Last Wednesday, the EUSA Trustee Board concluded that ‘while the [Boycott, Divestment and Sanctions] will be published as normal alongside other Student Council business, the BDS motion as it is written cannot legally be implemented by EUSA’. As Chair of the Board, I want to make it clear that this decision was made on legal grounds. The Trustee Board is a non-political body, made-up of 5 student, 4 sabbatical and 3 external trustees. It exists to provide legal, financial and reputational oversight of the organisation. It is also there to promote the smooth implementation of democratically passed policy, except when it breaks the law.
To exist as a charity, independent from the University, EUSA has to abide by charity law. This states that while we are able to expend resources on issues that affect present and future members ‘as students’ (tuition fees, academic support, and counselling waiting times), it is unlawful to expend resources on issues that do not directly affect ‘students as students’: conflicts in the Middle East or Israel-Palestine, for example.
The legal advice we received from the National Union of Students (NUS) and a leading human rights law firm, Matrix, was clear in saying that the situation in Israel-Palestine was not an issue that affected our members ‘as students’. It may affect our members as globally conscious citizens perhaps, like it will for many members of the public, but not directly as students. £9k tuition fees, funding for the University Counselling service and affordable housing are issues that specifically affect students whilst they are at university.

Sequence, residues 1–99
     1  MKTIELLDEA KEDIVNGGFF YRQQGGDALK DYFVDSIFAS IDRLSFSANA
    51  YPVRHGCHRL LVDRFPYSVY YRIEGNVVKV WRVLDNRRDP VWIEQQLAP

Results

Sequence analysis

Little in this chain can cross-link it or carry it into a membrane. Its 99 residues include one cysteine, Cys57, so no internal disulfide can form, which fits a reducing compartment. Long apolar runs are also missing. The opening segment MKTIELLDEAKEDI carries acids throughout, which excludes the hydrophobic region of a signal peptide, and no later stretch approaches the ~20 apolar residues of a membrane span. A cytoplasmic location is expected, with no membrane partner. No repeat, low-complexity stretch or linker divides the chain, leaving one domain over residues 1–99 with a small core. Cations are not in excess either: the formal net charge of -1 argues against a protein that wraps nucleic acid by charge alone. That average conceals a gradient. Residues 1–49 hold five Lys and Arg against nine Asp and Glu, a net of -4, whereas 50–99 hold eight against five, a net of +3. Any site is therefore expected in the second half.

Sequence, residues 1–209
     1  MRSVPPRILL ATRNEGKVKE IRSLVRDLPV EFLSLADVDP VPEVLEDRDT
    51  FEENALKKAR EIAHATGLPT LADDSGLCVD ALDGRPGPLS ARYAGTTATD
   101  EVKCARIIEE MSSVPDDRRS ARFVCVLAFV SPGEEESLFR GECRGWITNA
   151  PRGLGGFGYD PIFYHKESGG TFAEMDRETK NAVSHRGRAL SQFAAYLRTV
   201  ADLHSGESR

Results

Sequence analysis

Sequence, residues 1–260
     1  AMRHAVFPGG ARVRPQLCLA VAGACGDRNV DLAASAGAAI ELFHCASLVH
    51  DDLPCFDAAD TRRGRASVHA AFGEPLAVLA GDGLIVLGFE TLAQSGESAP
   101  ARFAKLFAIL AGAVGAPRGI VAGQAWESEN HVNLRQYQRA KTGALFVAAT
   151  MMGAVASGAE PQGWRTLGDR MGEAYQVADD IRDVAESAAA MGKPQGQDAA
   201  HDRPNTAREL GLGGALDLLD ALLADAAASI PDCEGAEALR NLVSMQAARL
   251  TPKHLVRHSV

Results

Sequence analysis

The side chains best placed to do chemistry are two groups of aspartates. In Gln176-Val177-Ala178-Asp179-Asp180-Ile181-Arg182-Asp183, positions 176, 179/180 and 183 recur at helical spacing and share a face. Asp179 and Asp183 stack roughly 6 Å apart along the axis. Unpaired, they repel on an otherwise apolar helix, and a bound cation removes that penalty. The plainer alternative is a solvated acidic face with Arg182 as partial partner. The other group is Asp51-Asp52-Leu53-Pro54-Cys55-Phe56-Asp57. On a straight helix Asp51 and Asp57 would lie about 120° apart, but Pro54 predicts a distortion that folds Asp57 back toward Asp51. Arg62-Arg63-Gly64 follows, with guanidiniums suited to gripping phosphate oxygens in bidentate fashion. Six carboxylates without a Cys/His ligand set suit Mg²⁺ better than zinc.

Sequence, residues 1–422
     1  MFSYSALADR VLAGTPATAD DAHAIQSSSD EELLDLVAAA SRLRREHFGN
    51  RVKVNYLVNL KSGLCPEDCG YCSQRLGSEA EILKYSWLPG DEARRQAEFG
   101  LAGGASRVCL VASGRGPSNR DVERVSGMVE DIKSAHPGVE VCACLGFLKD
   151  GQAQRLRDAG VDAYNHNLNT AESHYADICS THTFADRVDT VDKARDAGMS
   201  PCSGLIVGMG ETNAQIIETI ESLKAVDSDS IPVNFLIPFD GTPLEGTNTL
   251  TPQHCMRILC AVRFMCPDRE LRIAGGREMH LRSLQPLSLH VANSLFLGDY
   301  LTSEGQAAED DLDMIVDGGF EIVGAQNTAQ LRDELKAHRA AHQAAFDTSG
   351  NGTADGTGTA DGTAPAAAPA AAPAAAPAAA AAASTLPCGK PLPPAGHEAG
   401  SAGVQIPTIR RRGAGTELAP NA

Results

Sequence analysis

Our legal advice made it clear, therefore, that EUSA’s Trustee Board would be breaking charity law if it expended any resources on implementing BDS policy. By ‘resources’, this means commercial products, as well as the time of paid Sabbatical Officers. It is, therefore, considered unlawful to both enact the boycott of Israeli goods within EUSA’s commercial services and for EUSA Sabbatical Officers to expend their time lobbying the University to enact BDS.
Some of our members will be unhappy that this Student Council policy will not be enacted. Some may consider the charity law and the ‘students as students’ aspect a nuisance. But failing to meet our legal obligations as a charity carries with it significant risks. Our existence and ability to operate as a students’ union is dependent on our status as a registered charity. Without which, we would not be able to be registered as a students’ union or receive funding from the University.
This may explain why other students’ unions have made precisely the same decision on BDS policy. The Trustee Boards of Students’ Unions across the country – including King’s College London (KCL), Manchester and Warwick – all decided that implementing BDS policy would be out with their legal powers as students’ unions.
Ultimately, the EUSA Trustee Board made their decision based on the considerable weight of legal advice, which said that enacting BDS would break our legal obligations as a charity.
Trustees of any charity have a responsibility to ensure that their organisation abides by charity law. The overwhelming majority of the Board, therefore, felt that following this legal advice was the sensible decision to make.